A care service in Sheffield which looks after disabled people and the elderly has been told to take action after inspectors raised concerns.
Principle Support Limited, based in Handsworth, failed to respect the dignity of all of its patients and had no proper policy for reporting untoward incidents, the Care Quality Commission said.
An inspection also found there was a lack of evidence that some people had been asked for their consent before being given care.
Principle Support must report back to the commission by August 22 setting out the steps it will take to raise standards.
The firm’s manager Willard Kashangura said the problems arose because several poorly-trained workers were ‘inherited’ from another care service. Most have since been sacked.
The company provides personal care to older people and adults with a range of disabilities in their own homes and at community centres across Sheffield.
Inspectors spoke to carers, relatives and people who used the service, as well as looking at the results of ‘satisfaction surveys’.
In a report, they wrote: “People’s dignity was not always respected.
“We looked at three people’s daily support records and found reference to multiple accounts of challenging behaviour displayed by one person who used the service.
“Some of the language used in these records was inappropriate.
“References were made to ‘telling off’ the person, and the person ‘behaving a bit silly’ and being ‘naughty’.
“We looked at care planning documentation for this person and saw that a plan was put in place for staff to tell the person to ‘be a man’.”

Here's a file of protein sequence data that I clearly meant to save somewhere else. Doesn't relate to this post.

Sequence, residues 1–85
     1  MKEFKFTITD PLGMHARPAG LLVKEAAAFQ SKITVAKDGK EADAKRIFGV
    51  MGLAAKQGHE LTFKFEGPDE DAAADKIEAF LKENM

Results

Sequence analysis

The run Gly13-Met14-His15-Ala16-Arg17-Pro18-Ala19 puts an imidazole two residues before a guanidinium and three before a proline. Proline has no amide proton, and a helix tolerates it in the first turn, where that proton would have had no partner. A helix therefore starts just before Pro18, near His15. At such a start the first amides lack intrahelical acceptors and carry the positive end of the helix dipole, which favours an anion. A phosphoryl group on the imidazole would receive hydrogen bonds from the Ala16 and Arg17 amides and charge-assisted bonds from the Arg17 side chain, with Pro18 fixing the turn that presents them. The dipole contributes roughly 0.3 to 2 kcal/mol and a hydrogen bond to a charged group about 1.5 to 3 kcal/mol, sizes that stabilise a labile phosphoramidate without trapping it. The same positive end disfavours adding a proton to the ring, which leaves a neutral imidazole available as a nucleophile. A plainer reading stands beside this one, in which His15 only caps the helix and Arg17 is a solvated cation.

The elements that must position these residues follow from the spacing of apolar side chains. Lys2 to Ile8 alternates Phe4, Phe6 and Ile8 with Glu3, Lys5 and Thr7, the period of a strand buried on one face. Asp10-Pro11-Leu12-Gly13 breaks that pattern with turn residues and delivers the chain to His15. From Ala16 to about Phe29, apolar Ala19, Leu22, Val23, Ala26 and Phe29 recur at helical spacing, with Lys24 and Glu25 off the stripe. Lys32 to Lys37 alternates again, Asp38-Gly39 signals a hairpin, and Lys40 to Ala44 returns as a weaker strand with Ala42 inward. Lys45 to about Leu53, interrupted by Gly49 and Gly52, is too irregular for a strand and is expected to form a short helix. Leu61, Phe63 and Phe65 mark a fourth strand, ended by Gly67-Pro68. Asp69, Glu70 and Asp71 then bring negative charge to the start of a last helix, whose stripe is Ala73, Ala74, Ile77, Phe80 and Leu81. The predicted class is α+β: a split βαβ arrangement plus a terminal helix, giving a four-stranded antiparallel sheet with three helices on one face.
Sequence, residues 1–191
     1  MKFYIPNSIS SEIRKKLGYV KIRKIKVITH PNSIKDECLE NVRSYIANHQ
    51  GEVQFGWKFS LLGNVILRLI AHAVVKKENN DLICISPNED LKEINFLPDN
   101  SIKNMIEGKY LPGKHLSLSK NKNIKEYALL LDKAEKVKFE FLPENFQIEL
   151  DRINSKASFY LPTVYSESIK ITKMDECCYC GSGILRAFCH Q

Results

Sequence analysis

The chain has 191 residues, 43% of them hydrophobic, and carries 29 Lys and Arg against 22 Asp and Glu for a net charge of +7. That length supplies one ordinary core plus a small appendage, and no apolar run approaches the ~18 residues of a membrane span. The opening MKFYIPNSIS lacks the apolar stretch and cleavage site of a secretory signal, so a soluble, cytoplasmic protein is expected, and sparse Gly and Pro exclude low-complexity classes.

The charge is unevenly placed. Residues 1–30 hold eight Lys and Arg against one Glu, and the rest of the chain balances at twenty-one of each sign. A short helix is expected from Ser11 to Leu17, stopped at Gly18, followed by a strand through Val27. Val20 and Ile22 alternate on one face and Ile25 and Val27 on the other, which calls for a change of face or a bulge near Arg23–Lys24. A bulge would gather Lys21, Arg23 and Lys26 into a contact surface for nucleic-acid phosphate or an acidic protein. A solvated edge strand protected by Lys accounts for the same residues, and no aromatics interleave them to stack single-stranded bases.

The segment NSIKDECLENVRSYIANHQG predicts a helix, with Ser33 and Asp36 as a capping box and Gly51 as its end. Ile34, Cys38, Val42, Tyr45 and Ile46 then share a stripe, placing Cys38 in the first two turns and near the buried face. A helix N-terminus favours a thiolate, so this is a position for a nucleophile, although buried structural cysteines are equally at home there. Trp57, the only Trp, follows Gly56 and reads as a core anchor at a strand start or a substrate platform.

They added: “The evidence we saw showed some people using the service were not treated with consideration and respect.”
Inspectors said they ‘found no evidence of an incident reporting policy in place’.
But they said most relatives of people using the service gave ‘positive feedback’ and added: “People’s needs were assessed, and care and treatment was planned and delivered in line with their individual care plan.”
Mr Kashangura said: “Principle Support provides a quality service. Five months before the latest inspection, Principle Support took over a support provision which was operating without CQC registration for about a year.
“This takeover meant we inherited staff who were not trained to provide services. Out of the six we inherited only one is still working with Principle.
Most of them were dismissed for various issues to do with misconduct.
“Since the inspection, an incident reporting policy was put in place the following day and emailed to the inspector.”